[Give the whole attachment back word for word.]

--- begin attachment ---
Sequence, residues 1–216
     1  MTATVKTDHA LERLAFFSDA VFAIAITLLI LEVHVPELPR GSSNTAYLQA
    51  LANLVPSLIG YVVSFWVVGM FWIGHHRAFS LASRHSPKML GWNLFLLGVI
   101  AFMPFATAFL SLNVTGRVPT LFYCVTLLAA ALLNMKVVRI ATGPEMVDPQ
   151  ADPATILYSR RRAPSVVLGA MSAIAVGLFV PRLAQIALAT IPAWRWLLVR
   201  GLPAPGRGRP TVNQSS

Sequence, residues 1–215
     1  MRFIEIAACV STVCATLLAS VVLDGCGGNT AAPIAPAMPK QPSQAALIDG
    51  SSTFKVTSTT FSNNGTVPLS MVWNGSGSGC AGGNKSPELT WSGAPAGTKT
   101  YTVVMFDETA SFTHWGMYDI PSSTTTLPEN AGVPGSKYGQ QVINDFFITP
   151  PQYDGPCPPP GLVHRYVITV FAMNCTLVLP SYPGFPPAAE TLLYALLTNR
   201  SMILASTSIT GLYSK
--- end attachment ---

Sequence, residues 1–216
     1  MTATVKTDHA LERLAFFSDA VFAIAITLLI LEVHVPELPR GSSNTAYLQA
    51  LANLVPSLIG YVVSFWVVGM FWIGHHRAFS LASRHSPKML GWNLFLLGVI
   101  AFMPFATAFL SLNVTGRVPT LFYCVTLLAA ALLNMKVVRI ATGPEMVDPQ
   151  ADPATILYSR RRAPSVVLGA MSAIAVGLFV PRLAQIALAT IPAWRWLLVR
   201  GLPAPGRGRP TVNQSS

Sequence, residues 1–215
     1  MRFIEIAACV STVCATLLAS VVLDGCGGNT AAPIAPAMPK QPSQAALIDG
    51  SSTFKVTSTT FSNNGTVPLS MVWNGSGSGC AGGNKSPELT WSGAPAGTKT
   101  YTVVMFDETA SFTHWGMYDI PSSTTTLPEN AGVPGSKYGQ QVINDFFITP
   151  PQYDGPCPPP GLVHRYVITV FAMNCTLVLP SYPGFPPAAE TLLYALLTNR
   201  SMILASTSIT GLYSK